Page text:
Remembering George F. Leinwall, who loved books


The year started with the death of George F. Leinwall -- book man, collector, patron; on Jan. 1, at age 77, of cancer, at his home in Carroll County, his wife Mary Helen and their daughter Francesca at his side. By his request, there was no service, no death notice or obituary, no fuss.

A New Yorker, he came here 40-some years ago to work for the Social Security Administration; upon retirement, succeeding the late Clarence Russell, he became manager and persona of the main Remington Book Store, the one at Charles and Mulberry, until its closing in 1979. His trademarks: beard, good clothes, a memory for faces. Last year, independently, he was still dealing.

And collecting. Joyce above all (he gave his collection to the James Joyce Foundation in Dublin; a second he started was given to Southern Methodist University in Dallas), but also Arthur Rackham, private-press books, Conrad, eminent English firsts.

He read his books, too. He memorized -- Denis Boyles, who worked for him at Remington, marveled how George Leinwall could recite Conrad, Dickens and, especially, Joyce.


New and choice, one by land, the other by sea:

In 1950, technology gave U.S. railroads an ultimatum: shift from coal-fired steam to oil-fired diesel. Maryland's railroads -- the Baltimore & Ohio, Pennsylvania, Western Maryland, Maryland & Pennsylvania and (the most reluctant of them) Norfolk & Western -- set about scrapping their smokestack locomotives.

James P. Gallagher, sensing the pictorial loss, undertook to record the old rail style. He got off from work, he befriended railroaders, he climbed (lugging 4x5 view camera and tripod), he waited. His resulting black-and-white prints of travel and transport during steam's last decade, with Jacques Kelly's informative text blocks, compose "Trackside Maryland" (Greenberg Publishing Co., $49.95). Mr. Gallagher is a retired stockbroker, Mr. Kelly a Metro columnist for The Evening Sun.

Pluming smoke; canteens and cabooses; familiar bridges; stations, station agents; enormous Mallets and Mikados and Mountains; tunnels, trestles, turntables -- the book does best of all by the Ma & Pa.

"We have come to the very last generation of men who knew and sailed the schooners of the [Chesapeake] Bay. Soon there will be none who can remember . . ." As a two-master, this was the longest-lived, most numerous and least glamorous class of workboat; since 1957, when the Anna and Helen, then an oyster dredger, sank in Crisfield harbor, the bay has been bare of merchant schooners.

As with steam locomotives, there was need to record. Quentin Snediker of Connecticut, a maritime preservationist, and Ann Jensen, an Annapolis writer, have collaborated on "Chesapeake Bay Schooners" (Cornell Maritime Press, $44.95).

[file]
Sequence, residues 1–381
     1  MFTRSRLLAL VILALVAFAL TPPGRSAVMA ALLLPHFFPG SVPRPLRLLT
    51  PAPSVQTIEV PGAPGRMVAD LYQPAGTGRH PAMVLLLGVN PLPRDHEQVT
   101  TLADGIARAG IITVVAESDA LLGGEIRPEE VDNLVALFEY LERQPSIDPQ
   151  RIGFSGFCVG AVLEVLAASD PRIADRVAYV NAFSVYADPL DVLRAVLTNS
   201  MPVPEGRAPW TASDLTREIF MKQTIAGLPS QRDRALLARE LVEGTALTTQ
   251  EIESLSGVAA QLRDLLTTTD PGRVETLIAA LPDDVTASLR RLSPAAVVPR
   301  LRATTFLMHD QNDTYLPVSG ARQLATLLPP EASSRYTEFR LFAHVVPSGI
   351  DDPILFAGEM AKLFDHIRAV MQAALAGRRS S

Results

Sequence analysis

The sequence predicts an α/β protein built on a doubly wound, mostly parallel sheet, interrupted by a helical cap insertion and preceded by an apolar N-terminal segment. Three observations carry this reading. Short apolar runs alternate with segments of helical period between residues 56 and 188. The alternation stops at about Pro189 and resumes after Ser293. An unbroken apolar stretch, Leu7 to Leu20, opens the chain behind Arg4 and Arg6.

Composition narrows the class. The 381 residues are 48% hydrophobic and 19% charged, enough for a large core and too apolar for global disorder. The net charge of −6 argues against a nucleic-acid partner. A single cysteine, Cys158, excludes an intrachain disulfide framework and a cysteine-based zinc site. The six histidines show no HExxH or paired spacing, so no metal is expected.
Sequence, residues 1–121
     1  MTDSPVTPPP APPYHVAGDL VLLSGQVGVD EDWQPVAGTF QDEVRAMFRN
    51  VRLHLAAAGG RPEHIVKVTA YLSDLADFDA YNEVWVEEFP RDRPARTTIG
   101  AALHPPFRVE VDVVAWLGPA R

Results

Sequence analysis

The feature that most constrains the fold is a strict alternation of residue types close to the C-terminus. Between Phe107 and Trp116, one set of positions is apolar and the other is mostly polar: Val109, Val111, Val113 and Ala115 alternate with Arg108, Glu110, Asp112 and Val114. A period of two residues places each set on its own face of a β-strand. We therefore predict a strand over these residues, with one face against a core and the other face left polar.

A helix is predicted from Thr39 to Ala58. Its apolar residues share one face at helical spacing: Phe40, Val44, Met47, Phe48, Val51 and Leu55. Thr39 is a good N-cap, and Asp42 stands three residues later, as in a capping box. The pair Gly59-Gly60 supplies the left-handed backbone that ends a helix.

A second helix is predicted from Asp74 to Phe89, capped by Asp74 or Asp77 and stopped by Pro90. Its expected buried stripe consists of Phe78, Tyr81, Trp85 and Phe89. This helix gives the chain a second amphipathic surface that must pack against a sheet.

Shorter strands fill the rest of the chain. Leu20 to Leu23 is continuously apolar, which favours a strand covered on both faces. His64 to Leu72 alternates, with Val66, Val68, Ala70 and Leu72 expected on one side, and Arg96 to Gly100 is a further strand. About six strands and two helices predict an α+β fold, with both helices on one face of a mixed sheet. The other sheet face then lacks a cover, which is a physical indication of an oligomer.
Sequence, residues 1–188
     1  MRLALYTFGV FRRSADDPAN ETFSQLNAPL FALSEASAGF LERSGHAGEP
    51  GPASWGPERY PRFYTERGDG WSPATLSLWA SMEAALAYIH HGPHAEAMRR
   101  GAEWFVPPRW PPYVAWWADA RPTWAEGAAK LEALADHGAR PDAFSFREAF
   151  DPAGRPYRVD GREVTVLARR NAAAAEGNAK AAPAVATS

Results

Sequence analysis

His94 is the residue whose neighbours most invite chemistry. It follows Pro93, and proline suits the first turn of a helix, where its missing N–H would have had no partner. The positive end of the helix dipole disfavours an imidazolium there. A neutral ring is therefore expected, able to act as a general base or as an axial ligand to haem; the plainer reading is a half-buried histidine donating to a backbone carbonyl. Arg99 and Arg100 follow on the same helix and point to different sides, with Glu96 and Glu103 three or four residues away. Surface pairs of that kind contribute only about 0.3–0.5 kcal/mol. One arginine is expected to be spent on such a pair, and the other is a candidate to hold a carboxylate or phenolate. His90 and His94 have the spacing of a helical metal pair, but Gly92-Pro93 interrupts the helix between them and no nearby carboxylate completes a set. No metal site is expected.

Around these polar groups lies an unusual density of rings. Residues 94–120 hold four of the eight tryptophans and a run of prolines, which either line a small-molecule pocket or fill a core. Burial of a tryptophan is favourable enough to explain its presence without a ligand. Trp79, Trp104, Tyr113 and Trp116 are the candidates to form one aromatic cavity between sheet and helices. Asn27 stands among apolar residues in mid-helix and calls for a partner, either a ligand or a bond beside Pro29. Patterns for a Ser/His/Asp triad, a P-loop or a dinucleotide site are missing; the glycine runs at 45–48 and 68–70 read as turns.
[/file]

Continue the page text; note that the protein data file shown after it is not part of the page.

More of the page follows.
Their book goes all out: interviews, research, photos, scale vessel plans, glossary, endnotes and checklist of 500-plus schooners (two- to five-masted), rams, bugeyes and pungies built in Maryland or Virginia between 1805 and 1924, with each one's fate, if known.


Just coincidence, just nonbeginner's luck -- but where is the hero from, in Stephen Hunter's new thriller, "Point of Impact"? Where does much of the action occur?

Yup, Arkansas.

"Impact," out this week, is as usual a Book-of-the-Month Club choice; rights have sold for 10 overseas markets; new for the author, Reader's Digest will be reprinting it as a condensed book.

In two visits to Arkansas, Mr. Hunter never met the Clintons. And by now, after one more day's movie-reviewing for The Sun, he sits down at his home computer and, for his sixth novel, thinks about . . . the Oklahoma State Police.

Some addenda from our recent listing of 1992 books relating to Baltimore and the state of Maryland: "My Heritage Cookbook," ++ by Lorna Duane Smith, and (for children) "The Darling Boys," by M. C. Helldorfer.


The first robin? No. But 1993's first Bird? On Feb. 6, Babe Ruth's birthday, Tidewater Press publishes Rex Barney's memoirs: "Thank Youuuuuu: 50 Years in Baseball, From Brooklyn to Baltimore" ($19.95). Mr. Barney, of course, is a former pitcher with the Brooklyn Dodgers and currently the Orioles' longtime public address announcer. On Feb. 6, he'll sign copies of his book at the Babe Ruth Museum and also open a new exhibit, "Brooklyn's Barney and Babe." For information call the museum at (410) 727-1539.


Chatter: An albumen print of Abraham Lincoln (seated, beardless, Springfield, Ill., 1859; estimate, $1,000 to $2,000) highlights Baltimore Book Co.'s Civil War & Photography auction, Feb. 22, 6:30 p.m., Towson Quality Inn. . . . Clifton Taulbert, author of "The Last Train North," will speak at Pratt Library's 1993 Black History Luncheon, Feb. 13, 12:30 p.m., Radisson Plaza Lord Baltimore Hotel. . . . Jim Sizemore, playwright, will speak at the Baltimore Writers' Alliance's meeting Feb. 9 at 7:30 p.m. in the Elkridge Estates clubroom.

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